Data isn’t something you can enter into a system once and then never touch again – it’s a representation of something, and in most instances in business, that something is a human being leading an ever-changing life of their own.
As their life goes on, the data that pertains to them will need to be updated too.
To look at a more specific example, people change jobs an average of 12 times in their lives, sometimes as often as every 2.8 years in the early parts of their career.
If you have records that have gone untouched for longer than that time, chances are good that at least some of them are out-of-date.
The contacts you were relying on for their purchasing power may no longer have that power anymore, or if you’re lucky, they might have even more than they used to.
Either way, your old obsolete data will not notify you of the change; it has decayed over time and is no longer relevant to your current needs.
Data decay is a problem that only gets worse over time.
The more corrupted, out-of-date or incomplete customer profiles you have, the more errors you can expect that to introduce into your algorithms and analytics. That’s why it’s crucial that you keep up with those changes.
Contact data quality management ensures that your data is being regularly reviewed so that it meets all of these standards and remains useful to you at all times.
Making sure this process gets done is just one more part of your data responsibilities as an organization.
Your Data Diligence Will Pay Off
So let’s say you get all of your data quality issues in order – what specific benefits can you expect to see as a result of having done this?
The four below are just the beginning. Good data can help you:
- Shape your digital strategy – There’s more than one way to go digital, and quality data can help you figure out what that journey looks like for you. Companies that use the information their data gives them to guide their way forward as an organization grow 8 times faster than global GDP, proving that evidence-based strategies are far more successful than your average digital growth plan.
- Maximize your revenue – Revenue from digital sources is projected to account for about half of all B2B revenue by 2020, and that’s not even counting the offline sales you might be able to capture by using technological tools like digital marketing. Getting good data on your side lets you access that market and find your place within it based on real-time feedback about your actions. Without it, you’ll have much more trouble finding your footing in this brave new world that runs at a much faster pace than the old one.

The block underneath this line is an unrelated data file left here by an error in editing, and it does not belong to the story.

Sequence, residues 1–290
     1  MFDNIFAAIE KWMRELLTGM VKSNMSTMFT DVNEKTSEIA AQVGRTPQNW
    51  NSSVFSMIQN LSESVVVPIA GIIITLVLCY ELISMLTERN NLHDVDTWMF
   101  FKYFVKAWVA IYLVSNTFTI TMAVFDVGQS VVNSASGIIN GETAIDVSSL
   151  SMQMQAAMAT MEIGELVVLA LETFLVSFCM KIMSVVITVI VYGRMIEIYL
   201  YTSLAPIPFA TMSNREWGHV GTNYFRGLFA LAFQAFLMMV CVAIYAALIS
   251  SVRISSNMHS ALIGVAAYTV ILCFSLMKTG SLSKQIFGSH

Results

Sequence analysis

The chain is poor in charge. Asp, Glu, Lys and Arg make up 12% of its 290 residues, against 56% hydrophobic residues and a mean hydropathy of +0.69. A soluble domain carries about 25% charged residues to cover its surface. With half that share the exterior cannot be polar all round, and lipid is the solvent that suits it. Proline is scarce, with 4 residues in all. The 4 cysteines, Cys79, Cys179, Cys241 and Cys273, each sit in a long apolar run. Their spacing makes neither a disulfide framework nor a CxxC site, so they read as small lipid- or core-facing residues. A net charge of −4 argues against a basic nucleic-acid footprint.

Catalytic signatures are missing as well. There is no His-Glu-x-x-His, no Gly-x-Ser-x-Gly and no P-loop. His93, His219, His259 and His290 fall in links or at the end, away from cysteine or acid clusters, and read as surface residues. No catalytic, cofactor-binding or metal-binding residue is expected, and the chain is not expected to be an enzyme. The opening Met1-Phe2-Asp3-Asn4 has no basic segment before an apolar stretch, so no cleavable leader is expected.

- Measure and improve your customer experience – One of the big improvements that most businesses want to see come out of a digital transformation is an enhanced customer experience – 86% of people are willing to pay more for a good one, so it’s worth your investment. If your data quality is high, you can reliably track what’s going on with your customers and offer them things like personalized marketing and AI chatbots that can help them sort out any problems they might have even when human staff members are not available to assist them.
- Improve your ability to acquire new customers – Good data not only helps you to understand what your prospective customers are looking for from your products, but because it gives you insight into customer behaviour, it can also help you to reach hesitant leads at key points in their decision-making process. Since 67% of marketing leaders feel that acquiring new customers largely comes down to your ability to lead prospective buyers through the customer journey across all possible touchpoints, you can expect to see an uptick in your market share.
Let Your Data Light Your Way to Successful Digital Operations
While no digital transformation ever goes perfectly smoothly, good data management could make yours much more likely to yield positive results.
Knowing that you can rely on the quality data you have to accurately represent your company's past and present for your new systems can give you some much-needed confidence in their eventual abilities.
With that key consideration handled, you can look forward to many promising changes in your organization as you adapt to the demands of this new paradigm.
There's no limit to the number of things your data can tell you under the right circumstances, and we'll have more to say about that in future posts.